A film about three lesbian space aliens sent to earth to be de-gayed? Rachel Cook meets a filmmaker who dares to go where few have been before.
Codependent Lesbian Space Alien Seeks Same is not just a film with a great title. Director Madeleine Olnek’s film about three lesbian space aliens who have been sent to earth to be cured of their ‘big feelings’ – which are apparently destroying their planet’s ozone layer, is impressing critics the world over. The film was a hit at Sundance and recently screened at the Mardi Gras Film Festival and is about to play at the Melbourne Queer Film Festival. Rachel Cook spoke with the intrepid filmmaker who dares to go where few have been before.
How does an idea for a story such as Codependent Lesbian Space Alien Seeks Same start?
I first got the idea for this movie doing this kind of writing called automatic writing which was started by the Surrealists in the 1930s – that's how I came up with the idea [of] there being a planet with certain aliens that have these certain problems. I started writing for a while before I came up with the title, and then once I had that I knew I had to finish!
There’s that common theme in film of putting ordinary people in extraordinary circumstances, but in Codependent Lesbian Space Alien Seeks Same, it’s more a case of putting extraordinarily ordinary people in absurd circumstances, what attracts you to characters such as your protagonist Jane?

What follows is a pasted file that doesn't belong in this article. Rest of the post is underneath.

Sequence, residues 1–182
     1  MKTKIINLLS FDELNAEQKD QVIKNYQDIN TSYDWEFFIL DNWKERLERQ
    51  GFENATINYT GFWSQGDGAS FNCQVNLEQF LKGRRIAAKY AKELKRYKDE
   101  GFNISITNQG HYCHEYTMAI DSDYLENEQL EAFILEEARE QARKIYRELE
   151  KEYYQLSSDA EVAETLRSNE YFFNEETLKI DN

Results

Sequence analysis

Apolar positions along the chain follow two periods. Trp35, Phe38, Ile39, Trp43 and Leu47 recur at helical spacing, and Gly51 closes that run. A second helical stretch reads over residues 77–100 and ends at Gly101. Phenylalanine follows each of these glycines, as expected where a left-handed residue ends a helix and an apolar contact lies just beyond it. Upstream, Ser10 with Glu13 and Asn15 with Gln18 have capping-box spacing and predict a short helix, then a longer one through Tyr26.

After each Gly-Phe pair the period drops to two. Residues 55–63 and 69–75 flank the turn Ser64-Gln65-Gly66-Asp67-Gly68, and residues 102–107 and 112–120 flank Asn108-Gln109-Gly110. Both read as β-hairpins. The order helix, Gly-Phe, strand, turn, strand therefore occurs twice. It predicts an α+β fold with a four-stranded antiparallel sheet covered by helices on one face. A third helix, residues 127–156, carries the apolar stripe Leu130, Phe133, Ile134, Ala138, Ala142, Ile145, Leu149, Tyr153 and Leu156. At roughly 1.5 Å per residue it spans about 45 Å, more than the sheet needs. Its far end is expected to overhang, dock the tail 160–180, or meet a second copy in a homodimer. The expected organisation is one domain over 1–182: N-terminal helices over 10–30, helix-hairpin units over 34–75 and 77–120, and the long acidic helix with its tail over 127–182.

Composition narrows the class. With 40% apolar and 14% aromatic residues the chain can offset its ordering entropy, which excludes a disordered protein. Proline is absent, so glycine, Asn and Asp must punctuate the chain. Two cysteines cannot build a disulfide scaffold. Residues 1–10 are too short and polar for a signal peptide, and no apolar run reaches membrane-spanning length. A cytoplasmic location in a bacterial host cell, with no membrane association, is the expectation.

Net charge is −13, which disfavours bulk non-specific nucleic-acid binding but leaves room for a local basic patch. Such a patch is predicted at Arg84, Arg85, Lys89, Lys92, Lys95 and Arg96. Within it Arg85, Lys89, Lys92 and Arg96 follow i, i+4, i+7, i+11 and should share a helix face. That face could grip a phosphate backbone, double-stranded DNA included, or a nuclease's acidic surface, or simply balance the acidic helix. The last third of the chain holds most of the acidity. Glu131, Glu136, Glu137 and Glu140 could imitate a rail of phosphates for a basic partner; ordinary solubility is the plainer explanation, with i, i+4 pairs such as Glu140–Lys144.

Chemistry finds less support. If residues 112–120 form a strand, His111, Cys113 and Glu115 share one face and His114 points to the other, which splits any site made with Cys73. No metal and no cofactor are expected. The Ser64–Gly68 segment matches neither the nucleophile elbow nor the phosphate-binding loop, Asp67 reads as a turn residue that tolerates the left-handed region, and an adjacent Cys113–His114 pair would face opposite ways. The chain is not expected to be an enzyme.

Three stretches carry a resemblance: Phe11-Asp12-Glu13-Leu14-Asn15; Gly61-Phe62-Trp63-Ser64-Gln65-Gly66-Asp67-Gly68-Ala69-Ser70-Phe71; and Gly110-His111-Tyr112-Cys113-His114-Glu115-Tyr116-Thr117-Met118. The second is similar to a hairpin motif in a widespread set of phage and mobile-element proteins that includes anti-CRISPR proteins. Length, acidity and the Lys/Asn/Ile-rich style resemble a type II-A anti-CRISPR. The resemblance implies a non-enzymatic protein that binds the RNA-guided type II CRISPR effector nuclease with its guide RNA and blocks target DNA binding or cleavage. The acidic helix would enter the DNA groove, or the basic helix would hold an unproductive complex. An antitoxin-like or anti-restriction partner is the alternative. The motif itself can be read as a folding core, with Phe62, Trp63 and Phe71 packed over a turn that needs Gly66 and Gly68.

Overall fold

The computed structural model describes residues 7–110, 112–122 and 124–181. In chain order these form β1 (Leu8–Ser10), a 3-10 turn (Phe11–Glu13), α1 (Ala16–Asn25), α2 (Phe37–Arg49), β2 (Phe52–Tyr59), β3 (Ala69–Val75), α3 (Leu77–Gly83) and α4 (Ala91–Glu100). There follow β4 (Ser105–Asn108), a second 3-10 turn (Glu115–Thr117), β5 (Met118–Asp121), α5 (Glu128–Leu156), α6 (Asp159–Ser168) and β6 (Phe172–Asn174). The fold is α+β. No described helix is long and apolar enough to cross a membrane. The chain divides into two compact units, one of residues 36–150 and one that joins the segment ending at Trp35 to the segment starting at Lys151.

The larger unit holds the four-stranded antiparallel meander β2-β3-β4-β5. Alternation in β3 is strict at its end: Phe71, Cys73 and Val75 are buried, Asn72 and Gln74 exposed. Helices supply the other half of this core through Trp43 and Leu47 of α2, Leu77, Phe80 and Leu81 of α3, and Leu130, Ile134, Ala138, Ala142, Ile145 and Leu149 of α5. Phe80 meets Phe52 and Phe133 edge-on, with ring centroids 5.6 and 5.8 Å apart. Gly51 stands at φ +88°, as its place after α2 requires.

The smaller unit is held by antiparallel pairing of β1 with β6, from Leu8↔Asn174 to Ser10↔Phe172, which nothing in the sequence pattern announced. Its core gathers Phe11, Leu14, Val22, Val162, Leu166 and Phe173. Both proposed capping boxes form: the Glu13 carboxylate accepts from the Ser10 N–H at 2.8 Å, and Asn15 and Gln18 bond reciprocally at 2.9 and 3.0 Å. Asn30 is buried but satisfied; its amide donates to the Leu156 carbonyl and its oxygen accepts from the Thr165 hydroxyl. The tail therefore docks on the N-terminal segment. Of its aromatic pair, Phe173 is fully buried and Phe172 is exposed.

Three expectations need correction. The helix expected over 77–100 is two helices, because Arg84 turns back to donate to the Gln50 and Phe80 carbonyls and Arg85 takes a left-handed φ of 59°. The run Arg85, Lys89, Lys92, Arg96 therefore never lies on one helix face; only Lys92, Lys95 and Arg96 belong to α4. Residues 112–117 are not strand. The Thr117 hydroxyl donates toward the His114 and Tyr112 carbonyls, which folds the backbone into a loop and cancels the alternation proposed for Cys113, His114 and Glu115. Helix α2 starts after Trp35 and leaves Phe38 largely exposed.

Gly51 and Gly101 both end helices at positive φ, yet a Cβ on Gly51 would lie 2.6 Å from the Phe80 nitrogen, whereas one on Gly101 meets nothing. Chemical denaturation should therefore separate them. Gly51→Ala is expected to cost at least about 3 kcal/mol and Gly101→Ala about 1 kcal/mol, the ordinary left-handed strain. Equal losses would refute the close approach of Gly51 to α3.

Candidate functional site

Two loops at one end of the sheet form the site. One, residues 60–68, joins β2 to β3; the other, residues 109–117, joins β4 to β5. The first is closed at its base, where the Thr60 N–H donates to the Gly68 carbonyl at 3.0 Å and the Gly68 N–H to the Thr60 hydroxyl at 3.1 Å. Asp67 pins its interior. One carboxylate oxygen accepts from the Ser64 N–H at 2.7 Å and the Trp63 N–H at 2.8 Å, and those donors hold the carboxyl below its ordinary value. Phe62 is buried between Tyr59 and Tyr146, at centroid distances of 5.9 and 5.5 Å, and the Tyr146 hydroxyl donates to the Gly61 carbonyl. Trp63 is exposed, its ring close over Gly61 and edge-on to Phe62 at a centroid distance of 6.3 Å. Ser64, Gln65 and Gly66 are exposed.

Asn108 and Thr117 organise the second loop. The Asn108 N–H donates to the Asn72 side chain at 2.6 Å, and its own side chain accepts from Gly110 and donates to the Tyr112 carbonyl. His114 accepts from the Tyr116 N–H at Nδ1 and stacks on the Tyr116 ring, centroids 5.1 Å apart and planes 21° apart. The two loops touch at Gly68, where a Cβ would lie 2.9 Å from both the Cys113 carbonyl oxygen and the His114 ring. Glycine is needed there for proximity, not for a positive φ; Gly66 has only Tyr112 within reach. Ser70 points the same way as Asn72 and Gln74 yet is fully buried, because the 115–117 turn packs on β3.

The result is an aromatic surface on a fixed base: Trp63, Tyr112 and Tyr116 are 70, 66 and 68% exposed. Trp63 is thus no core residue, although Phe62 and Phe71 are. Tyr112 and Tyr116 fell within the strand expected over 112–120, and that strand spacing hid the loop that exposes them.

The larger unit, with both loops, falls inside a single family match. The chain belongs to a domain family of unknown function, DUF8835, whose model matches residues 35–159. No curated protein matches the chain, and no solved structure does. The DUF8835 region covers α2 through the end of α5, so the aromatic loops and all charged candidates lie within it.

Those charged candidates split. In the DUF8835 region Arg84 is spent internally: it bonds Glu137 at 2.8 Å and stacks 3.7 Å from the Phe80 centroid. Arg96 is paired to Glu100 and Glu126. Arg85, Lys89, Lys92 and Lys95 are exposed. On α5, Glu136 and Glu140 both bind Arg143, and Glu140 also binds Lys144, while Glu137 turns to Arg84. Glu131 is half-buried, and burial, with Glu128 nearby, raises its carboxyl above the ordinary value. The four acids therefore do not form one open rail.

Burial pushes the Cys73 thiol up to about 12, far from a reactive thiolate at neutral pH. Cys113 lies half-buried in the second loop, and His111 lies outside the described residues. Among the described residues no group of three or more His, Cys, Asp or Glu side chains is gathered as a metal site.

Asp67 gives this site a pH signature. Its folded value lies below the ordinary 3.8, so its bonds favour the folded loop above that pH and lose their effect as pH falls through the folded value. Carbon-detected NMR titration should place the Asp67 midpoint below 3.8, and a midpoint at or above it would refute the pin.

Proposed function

I'm attracted to characters who respond truthfully despite whatever ridiculous circumstances they are placed in. Comedy has been defined as the juxtaposition of opposites and I think having characters who ground the action give the movie emotional stakes, and also serve to heighten the comedy.
The cast is so great. How do you go about casting your films?
I never audition – just try to go see people presenting finished performances, most usually in live theatre. When an actor auditions it may be the most shallow representation of what they can do – similarly there are other actors who are brilliant at cold readings but that's all they have, it never grows from there.
What was behind the decision to shoot the film in black and white?
The film is in black and white to make a deliberate reference to B-movie sci-fi, but also early indie films, especially very earnest lesbian ones. The sci-fi in these movies played on Cold War fears, and there's a part of homophobia in modern society that is retro, like sci-fi, it almost seems difficult to believe that people can still think that way, yet there it is.
What sort of budget do you work with and how do you go about funding your films?
We rely on the kindness of strangers, but also on people we know really well. In kind donations, borrowed equipment, and we did get a grant from Frameline in San Francisco. A lot of places helped us in post-production, like Goldcrest Post, with our finishing – once we got into Sundance a lot of people stepped forward to help us get there.